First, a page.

No-one lives in a city because they enjoy being surrounded by hulking concrete monoliths. Thanks to this mapping tool from Portland State University, you can now see exactly how lacking your city in the tree department.

As part of a project funded by the U.S. Forest Service, researchers overlaid information about air pollution, tree coverage, temperature, and some census data like age and income on a map. The result is a color-coded system that lets you see how tree cover is correlated with air pollution and urban heat. Thanks to the inclusion of census data, you can also see how those effects are unfairly concentrated on poorer neighbourhoods.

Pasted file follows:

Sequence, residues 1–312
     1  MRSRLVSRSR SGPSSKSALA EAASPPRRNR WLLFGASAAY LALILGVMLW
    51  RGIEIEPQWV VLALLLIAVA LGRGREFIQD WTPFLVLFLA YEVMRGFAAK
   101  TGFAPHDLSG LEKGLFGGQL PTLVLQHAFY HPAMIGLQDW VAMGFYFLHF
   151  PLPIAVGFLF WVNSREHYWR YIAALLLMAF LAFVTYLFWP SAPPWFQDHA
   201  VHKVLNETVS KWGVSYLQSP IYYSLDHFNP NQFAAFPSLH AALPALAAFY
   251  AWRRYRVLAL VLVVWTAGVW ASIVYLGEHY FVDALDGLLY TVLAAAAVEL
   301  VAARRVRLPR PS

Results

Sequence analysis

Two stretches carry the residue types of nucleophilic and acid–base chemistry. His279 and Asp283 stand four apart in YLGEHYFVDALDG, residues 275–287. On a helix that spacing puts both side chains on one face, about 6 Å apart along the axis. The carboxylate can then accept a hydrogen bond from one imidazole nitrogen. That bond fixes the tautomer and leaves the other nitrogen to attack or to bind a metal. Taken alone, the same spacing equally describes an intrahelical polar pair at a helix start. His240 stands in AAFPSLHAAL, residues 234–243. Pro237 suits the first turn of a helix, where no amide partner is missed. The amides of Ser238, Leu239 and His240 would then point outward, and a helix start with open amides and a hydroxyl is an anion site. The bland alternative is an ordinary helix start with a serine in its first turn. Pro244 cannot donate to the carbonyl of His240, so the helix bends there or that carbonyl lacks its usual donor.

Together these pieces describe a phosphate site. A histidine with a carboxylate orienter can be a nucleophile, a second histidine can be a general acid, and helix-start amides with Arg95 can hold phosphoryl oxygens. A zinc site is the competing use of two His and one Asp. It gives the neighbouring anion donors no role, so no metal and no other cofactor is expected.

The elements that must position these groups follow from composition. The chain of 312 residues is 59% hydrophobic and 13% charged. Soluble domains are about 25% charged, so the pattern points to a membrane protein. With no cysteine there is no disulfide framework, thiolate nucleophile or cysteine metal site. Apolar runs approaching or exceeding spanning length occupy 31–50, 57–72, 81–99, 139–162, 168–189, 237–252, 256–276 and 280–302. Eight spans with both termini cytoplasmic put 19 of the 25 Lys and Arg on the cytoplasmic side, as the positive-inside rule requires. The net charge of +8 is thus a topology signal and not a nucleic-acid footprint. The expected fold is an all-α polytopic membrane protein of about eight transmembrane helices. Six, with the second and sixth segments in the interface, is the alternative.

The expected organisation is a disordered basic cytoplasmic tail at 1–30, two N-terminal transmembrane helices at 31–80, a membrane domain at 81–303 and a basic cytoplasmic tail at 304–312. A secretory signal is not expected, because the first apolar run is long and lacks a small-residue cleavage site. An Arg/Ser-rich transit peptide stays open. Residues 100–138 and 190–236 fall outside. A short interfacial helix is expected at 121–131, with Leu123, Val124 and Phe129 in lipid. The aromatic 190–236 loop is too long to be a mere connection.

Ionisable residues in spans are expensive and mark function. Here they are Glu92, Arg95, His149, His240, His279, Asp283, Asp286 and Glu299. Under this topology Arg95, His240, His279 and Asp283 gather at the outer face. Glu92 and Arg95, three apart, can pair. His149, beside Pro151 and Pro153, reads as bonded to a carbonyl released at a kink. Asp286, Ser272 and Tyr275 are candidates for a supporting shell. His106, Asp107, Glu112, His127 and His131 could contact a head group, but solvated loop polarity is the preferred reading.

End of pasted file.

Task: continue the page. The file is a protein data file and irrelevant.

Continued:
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14 cities have been mapped this way: all cities of 400,000 — 700,000 people, big enough to have the resources to push for more tree planting, but small enough that the planting could make an actual difference to air quality.

[Trees and Health via Smithsonian]


Contact the author at chris@gizmodo.com.